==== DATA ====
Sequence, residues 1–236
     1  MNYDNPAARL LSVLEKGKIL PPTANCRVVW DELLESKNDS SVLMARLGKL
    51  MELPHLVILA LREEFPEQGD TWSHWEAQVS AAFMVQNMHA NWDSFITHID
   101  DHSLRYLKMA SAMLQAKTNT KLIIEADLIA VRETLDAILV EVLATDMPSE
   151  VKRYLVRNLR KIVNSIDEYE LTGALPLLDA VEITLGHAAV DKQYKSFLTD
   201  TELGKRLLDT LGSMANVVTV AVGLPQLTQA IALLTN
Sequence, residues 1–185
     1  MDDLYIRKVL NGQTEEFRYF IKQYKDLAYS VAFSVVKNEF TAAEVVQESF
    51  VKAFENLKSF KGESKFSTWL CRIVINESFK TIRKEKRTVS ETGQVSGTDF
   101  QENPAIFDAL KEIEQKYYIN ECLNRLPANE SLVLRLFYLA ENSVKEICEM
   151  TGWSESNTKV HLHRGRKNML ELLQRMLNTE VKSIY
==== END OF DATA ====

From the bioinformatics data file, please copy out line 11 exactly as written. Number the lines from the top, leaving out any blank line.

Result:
   151  TGWSESNTKV HLHRGRKNML ELLQRMLNTE VKSIY